Other sections of Part 117 of this CFR Subchapter go beyond the facility, requiring employees to maintain personal cleanliness. Facilities must also provide infrastructure for cleaning, including hand-washing and sanitation for surfaces. That means water supply, plumbing, sinks, and a good waste-handling system.
5. Warehouse equipment, tools, and utensils must also meet federal safety standards.
Warehouses can’t operate without adequate material handling equipment — and when those warehouses handle food, not just any equipment will do. According to 21 CFR 117.40, equipment and utensils in food-handling facilities must meet the following criteria (which is not a complete list; consult the Code of Federal Regulations for details):
- All equipment used to pack or hold must be cleanable, with smooth seams and non-toxic materials.
- Equipment that comes into contact with food must be corrosion-resistant.
- Food-handling equipment cannot shed fuel or oil or fragments into food products.
- All food-contact surfaces must be designed and maintained to prevent contamination or allergen cross-contact.
Given that surfaces must be corrosion-resistant, easily cleanable, and non-toxic, stainless steel has become a material of choice for food-handling equipment in food-grade warehouses. High-quality HDPE plastic, designed for safe contact with food, is another option for material handling bins and carts.
Product-Handling Equipment for the Food-Grade Warehouse
Solus Group offers a range of material handling products that can help keep food-grade warehouses compliant with FDA regulations — while improving safety and throughput with every shift. Here are a few products to consider for every food-handling facility:
The Crate Wizard, a Bread Crate Stacker Designed for Food-Handling Facilities
The Crate Wizard is a maintenance-free crate stacker with a zinc-plated frame for extraordinary corrosion resistance. This unit grips stacks of bread crates — loaded or unloaded, up to 551 pounds (250 kilograms) — with horizontal clamping arms, allowing a single user to safely move large loads of plastic crates efficiently.
A sealed gel battery eliminates the risk of electrolyte leakage, while a closed electro-hydraulic system provides safe operation for food-handling applications. The Crate Wizard isn’t a food-contact surface; it’s designed to grip bread crates, not food products themselves. But it is still highly cleanable in accordance with FDA sanitation requirements.
Bin Dumpers, Safe, Sanitary Waste Handling Available in Stainless Steel
The FDA requires food-grade warehouses to maintain clean and effective waste streams. Bin Dumpers from Solus Group can help, improving productivity with every emptied waste bin. Depending on the model, Bin Dumpers lift and tip containers ranging from standard Roll-Out Carts to high-capacity Mobile Garbage Bins. That removes the ergonomic risk for workers while improving throughput for facility waste handling.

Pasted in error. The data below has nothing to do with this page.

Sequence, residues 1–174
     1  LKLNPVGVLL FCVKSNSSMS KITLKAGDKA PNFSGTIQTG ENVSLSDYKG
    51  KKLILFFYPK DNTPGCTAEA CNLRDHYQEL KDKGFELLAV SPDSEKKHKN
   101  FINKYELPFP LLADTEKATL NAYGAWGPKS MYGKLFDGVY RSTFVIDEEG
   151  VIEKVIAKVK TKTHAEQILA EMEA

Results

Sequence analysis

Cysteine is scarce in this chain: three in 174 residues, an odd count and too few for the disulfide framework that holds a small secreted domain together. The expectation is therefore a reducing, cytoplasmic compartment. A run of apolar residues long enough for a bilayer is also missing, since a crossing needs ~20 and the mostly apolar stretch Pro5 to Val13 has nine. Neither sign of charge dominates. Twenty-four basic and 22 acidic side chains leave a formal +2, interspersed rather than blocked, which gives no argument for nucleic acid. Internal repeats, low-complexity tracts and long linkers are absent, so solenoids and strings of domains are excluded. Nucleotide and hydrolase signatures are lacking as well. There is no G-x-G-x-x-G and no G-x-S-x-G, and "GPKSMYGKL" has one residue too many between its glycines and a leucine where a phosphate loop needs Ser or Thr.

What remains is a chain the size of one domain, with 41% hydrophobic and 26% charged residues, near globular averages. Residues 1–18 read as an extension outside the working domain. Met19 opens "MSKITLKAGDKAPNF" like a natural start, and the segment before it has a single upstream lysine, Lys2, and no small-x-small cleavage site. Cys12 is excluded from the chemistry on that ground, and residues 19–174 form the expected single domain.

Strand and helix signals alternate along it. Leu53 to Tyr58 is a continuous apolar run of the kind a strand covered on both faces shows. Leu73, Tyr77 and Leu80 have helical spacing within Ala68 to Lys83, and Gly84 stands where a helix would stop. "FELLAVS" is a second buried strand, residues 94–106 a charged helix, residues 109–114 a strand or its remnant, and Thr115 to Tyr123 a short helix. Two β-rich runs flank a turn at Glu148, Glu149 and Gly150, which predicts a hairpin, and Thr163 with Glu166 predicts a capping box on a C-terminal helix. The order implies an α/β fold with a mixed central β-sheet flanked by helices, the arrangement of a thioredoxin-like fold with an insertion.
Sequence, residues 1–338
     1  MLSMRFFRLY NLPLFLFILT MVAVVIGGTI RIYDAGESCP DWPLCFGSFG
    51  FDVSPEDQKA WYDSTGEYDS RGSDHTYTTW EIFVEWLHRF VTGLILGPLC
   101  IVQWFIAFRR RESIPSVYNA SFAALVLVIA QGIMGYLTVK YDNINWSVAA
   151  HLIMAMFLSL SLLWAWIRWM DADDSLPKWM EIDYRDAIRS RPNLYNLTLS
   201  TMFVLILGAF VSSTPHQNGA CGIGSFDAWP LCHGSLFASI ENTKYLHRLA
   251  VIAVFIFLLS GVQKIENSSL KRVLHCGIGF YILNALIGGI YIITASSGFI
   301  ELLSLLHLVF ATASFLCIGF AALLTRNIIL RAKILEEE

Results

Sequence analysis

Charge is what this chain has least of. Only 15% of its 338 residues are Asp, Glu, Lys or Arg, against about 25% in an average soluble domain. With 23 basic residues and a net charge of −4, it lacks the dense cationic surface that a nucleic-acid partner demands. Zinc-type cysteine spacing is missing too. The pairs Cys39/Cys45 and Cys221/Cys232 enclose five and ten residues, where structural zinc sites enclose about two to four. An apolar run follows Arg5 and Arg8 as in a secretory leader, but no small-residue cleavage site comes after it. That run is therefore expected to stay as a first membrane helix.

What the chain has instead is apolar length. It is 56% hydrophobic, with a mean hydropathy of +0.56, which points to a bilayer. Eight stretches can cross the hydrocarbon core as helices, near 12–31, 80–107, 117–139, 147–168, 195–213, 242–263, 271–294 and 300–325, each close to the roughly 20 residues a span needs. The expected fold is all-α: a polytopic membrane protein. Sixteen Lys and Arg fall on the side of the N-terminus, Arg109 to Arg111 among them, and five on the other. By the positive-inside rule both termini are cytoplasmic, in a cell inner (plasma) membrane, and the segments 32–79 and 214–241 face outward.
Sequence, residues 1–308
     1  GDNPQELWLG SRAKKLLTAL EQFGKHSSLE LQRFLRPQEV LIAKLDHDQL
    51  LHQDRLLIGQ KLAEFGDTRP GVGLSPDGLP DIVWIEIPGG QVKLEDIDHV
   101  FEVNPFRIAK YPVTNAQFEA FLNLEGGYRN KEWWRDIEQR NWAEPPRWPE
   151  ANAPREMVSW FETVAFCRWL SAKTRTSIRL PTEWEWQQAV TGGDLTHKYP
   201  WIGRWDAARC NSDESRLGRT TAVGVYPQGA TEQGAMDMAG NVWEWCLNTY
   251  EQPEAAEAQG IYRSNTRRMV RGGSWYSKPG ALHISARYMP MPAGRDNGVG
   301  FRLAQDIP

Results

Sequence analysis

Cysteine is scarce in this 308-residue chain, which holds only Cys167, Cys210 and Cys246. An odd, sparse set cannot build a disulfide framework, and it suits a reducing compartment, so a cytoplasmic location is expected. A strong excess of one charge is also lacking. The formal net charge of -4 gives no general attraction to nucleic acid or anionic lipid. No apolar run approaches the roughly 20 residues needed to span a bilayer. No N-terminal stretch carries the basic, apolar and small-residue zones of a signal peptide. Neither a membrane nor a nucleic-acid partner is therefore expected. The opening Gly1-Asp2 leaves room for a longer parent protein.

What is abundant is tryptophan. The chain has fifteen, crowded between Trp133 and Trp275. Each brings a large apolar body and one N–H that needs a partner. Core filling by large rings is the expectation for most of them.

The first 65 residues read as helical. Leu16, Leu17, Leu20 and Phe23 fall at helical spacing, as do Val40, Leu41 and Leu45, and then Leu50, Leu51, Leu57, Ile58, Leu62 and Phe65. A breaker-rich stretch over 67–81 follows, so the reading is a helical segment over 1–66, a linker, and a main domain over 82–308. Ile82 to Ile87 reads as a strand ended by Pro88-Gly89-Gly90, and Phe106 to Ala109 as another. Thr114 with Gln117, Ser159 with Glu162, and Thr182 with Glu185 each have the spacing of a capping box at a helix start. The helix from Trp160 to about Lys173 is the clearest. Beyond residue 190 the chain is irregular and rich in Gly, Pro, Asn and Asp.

While standard Bin Dumpers feature galvanized steel frames and corrosion-resistant, zinc-plated guarding, they’re also available in stainless steel for an even higher standard of cleanliness (Contact Solus Group for more information about stainless steel Bin Dumpers).
Food Service Bins, Stainless Steel Material Handling Carts
Remember that the FDA requires all food-contact surfaces to be smooth, cleanable, non-toxic, and corrosion-resistant. Stainless steel Food Service Bins check all those boxes, providing a safe, efficient way to both store and transport food products throughout the facility. Each stainless steel bin features angled seams to avoid right angles, making every inch easy to sanitize. Heavy-duty casters simplify transport, while caster locks keep carts in place between movements — and integrated fork pockets allow users to transport loads via lift trucks, with or without tipping equipment like the Forward Bin Dumper.
MACX Bins, High-Capacity Pallet Bins for Bulk Material Handling
MACX Bins are designed for industry, and meet all safety standards set forth by the United States Department of Agriculture (USDA) — standards that often overlap with FDA requirements for food-grade warehouses. These bins have carrying capacities of up to 1,500 pounds, and are often found in produce-handling applications. They’re available in multiple models, some vented, others solid, and others with lids.
All MACX Bins feature impact-resistant HDPE plastic construction. They resist extreme temperatures, and are safe to operate between -40 degrees Fahrenheit up to 140 degrees Fahrenheit. They’re equipped with molded fork pockets, making them ideal for use with electric forklifts outfitted with Forward Bin Dumper tipping attachments.
While FDA compliance requires much more than the right material handling equipment, these products can help with the broader effort to maintain your food-grade warehouse certification. To learn more about material handling solutions for your warehouse or distribution center, call Solus Group at 314-696-0200.